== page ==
Conserve Wildlife Blog

Restoring the “Natural Mosaic” of Thompsons Beach Salt Marsh

September 3rd, 2015

Our Team is using Science-based Methods to Elevate the Marsh and Restore the Balance of High and Low Elevation

by Lindsay McNamara, Communications Manager

To restore Thompsons Beach, along New Jersey’s Delaware Bayshore, our team removed debris from the beach, removed rubble from the road leading to the beach, and placed over 40,000 cubic yards of sand (weighing over 9 million pounds) onto the beach. We were filled with pride when we saw sanderlings and ruddy turnstones feeding this August on horseshoe crab larvae on our newly restored beach. We were delighted to learn that this spring, Thompsons Beach had the highest abundance of horseshoe crab egg clusters out of all the beaches that our team monitors on Delaware Bay.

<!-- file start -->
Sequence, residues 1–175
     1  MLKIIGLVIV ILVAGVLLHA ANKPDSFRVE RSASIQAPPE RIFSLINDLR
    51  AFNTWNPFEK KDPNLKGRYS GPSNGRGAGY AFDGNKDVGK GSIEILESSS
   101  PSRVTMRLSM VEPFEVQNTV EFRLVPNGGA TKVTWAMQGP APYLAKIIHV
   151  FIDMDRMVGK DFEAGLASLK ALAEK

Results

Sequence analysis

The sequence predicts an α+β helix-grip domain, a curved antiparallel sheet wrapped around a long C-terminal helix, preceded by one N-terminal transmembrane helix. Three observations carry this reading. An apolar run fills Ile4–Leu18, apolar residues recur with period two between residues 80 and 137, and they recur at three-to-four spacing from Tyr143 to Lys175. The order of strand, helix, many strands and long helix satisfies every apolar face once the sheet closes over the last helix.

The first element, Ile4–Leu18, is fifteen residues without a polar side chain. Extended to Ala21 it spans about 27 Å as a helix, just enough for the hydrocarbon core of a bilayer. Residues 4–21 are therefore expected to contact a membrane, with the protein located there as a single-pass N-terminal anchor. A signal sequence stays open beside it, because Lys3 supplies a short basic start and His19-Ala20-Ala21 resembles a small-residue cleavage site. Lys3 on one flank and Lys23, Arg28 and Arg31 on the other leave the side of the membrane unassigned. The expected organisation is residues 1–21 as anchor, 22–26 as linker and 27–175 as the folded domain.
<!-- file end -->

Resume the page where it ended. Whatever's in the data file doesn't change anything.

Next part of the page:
How do we keep the momentum going? How do we ensure our restoration work at Thompsons Beach yields long-term, sustainable results? The answer is clear: we protect the backbone that the beach sits on — the salt marsh behind the beach.


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Lindsay McNamara is the Communications Manager for Conserve Wildlife Foundation of New Jersey.

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